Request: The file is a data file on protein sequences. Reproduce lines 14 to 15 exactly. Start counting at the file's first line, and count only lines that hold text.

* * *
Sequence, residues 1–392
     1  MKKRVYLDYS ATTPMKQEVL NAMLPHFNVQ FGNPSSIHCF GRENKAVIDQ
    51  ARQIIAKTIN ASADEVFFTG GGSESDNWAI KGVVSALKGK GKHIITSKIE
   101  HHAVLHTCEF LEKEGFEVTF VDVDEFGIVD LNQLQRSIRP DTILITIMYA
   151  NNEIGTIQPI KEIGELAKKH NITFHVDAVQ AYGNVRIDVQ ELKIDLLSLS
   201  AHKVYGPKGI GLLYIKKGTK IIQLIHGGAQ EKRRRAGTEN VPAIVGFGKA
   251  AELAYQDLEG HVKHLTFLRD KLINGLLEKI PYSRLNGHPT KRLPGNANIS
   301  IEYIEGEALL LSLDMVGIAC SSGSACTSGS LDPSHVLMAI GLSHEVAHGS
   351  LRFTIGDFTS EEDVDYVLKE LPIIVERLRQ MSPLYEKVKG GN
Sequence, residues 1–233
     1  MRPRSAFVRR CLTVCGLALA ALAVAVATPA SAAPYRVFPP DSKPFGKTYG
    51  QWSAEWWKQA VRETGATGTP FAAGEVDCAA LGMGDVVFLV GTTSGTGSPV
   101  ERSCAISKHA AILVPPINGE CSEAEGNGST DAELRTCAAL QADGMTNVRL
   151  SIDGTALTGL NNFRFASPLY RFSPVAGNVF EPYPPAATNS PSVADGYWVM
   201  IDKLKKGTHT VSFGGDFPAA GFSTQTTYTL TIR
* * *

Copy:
   151  SIDGTALTGL NNFRFASPLY RFSPVAGNVF EPYPPAATNS PSVADGYWVM
   201  IDKLKKGTHT VSFGGDFPAA GFSTQTTYTL TIR